Edinburgh Bookshelf

Old and New Edinburgh Vol. II


High Street.] U?ARRISTON?S CLOSE. 223 the floors as a picture gallery or exhibition, a new leature in the Edinburgh of the seventeenth century, and long before any such idea had been conceived in France, England, or any other country. Some of his best works were in possession of the late Andrew Bell, engraver, the originator of the ?? Encyclopzdia Britannica,? who married his granddaughter. ?For some years after the Revolution,? says Pinkerton, ? he was the only painter in Scotland, and had a very great run of business. This brought him into a hasty and .incorrect manner.? So here, in the Advocates? -* ~ Close, in the dull and anorose Edinburgh of the seventeenth cendury, was the fashionable lounge of the dilettanti, .the resort of rank and beauty-a quarter from which the haut ton of the ,present day would shrink with aversion. He died at Prestonpans in the year 1730, in his eighty-fifth year, after having witnessed as startling a series of political changes as ever occurred in a long lifetime. Taking the ancient .alleys seriatim, Roxburghe Close comes next, numbered as 341, High Street, and. so - -_ -- = --_= -- -+- next we come to in descending the north side of the street, remains only in name, the houses on both sides being entirely new, and its old steep descent broken at intervals by convenient flights of steps; but until r868 it was nearly unchanged froin its ancient state, some relics of which still remain. It had handsome fronts of carefully-polished ashlar, with richly-decorated doorways with pious legends on their lintels, to exclude witches, fairies, and all manner of evil ; there were ornate dormer named, it may COnfi- HOUSE OF LORD ADVOCATE STEWART, AT THE FOOT dently be supposed OF ADVOCATES? CLOSE, w e s ~ SIDE. (though it cannot be proved as a fact) from having contained the town residence of some ancient Earl of Roxburghe. All its ancient features have disappeared, save a door built up with a handsome cut legend in raised Roman letters :-?WHATEVER ME BEFALL I THANK THE LORD OF ALL. J. M., 1586.? This is said to have been the dwelling-place of the Roxburghe family, but by tradition only. If true, it takes the antiquary back to the year in which .Sir Walter Kerr of Cessford (ancestor of the Dukes .of Roxburghe), ? baron of Auld-Roxburghe, the .castle thereof and the lands of Auldtonbum, &c.,? died at a great age, the last survivor, perhaps, of the affray in which Sir Walter Scott of Buccleuch gerished at Edinburgh. Warriston?s Close (anciently called Bruce?s), the windows on the roofs with steep crow-stepped gables, black with the smoke and storms of centuries. MIHI . SEMPER. DEUS. 1583,? was the legend which first caught the eye above a door of a tenement on the west ? side, long occupied bj James Murray, Lord Philiphaugh, raised to the bench November Ist, 1689, without having any predecessor, being 0n.e of the set of judges nominated after the Re- , volution. After being chosen member of Parliament for Selkirk in 1681, he had become an object of special jealousy to the Scottish Cavalier Government. He was imprisoned in 1684, and under terror ? QUI . ERrr . ILLE . of being tortured in the iron boots, before the Privy Council in the high Chamber below the Parliament House, he gave evidence against those who were concerned in the Rye House Plot. Lord Philiphaugh had the character of being an upright judge, but the men of his time never forgot or forgave the weakness that made him stoop to save his life, though many of them might no doubt have acted in the same way, the Scottish Privy Council of that time being a species of Star Chamber that did not stand on trifles. Farther down the close was another edifice, the lintel of which like some others that were in the same locality, has been with great good taste rebuilt, as a lintel, into the extensive printing and publishing premises of the Messrs. Chambers, a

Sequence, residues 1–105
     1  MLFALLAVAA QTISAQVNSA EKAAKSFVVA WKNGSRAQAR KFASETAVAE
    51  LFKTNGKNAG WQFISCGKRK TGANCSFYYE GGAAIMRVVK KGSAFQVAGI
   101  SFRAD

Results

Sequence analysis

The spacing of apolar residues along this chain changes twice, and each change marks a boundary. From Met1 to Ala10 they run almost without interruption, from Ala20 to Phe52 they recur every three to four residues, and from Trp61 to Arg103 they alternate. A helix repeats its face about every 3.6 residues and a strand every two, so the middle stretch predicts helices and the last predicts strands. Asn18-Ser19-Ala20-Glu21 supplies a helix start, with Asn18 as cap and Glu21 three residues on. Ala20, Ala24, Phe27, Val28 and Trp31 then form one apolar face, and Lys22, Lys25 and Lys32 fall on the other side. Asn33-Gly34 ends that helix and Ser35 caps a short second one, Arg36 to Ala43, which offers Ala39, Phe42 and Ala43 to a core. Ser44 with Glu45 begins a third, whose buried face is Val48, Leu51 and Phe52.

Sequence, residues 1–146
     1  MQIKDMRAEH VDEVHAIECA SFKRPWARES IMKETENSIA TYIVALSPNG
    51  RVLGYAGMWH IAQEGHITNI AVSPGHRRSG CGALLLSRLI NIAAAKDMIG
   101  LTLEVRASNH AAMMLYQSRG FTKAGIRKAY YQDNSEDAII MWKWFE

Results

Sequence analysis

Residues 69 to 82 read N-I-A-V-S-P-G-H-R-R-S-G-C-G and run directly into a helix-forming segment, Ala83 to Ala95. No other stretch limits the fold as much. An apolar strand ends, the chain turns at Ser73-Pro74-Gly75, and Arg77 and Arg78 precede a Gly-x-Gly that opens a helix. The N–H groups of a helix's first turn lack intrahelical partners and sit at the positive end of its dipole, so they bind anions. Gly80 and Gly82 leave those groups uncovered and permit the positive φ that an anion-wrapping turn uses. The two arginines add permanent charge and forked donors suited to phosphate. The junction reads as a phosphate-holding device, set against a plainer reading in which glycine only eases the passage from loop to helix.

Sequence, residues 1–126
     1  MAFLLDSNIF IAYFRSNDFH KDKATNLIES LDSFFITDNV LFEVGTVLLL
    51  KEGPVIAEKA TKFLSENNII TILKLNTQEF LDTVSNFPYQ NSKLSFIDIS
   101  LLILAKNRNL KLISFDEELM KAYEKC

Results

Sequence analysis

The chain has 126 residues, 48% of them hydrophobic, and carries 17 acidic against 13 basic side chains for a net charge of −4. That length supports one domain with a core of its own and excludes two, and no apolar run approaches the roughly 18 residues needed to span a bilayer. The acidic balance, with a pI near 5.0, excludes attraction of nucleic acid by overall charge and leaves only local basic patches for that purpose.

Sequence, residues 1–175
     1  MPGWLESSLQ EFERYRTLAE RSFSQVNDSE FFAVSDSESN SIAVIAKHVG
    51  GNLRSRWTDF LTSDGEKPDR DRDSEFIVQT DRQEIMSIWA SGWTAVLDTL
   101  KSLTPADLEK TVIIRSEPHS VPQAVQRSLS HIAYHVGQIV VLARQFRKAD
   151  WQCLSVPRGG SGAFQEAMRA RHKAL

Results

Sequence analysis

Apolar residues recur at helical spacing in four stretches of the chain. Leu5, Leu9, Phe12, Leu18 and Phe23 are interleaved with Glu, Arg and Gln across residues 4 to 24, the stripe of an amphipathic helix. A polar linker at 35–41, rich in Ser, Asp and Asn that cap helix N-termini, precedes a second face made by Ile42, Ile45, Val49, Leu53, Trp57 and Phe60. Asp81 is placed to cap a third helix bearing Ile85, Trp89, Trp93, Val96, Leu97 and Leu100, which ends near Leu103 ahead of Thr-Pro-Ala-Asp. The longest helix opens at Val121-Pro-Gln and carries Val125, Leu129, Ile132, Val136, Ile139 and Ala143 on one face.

Volume 2 Page 223
  Shrink Shrink   Print Print   Pictures Pictures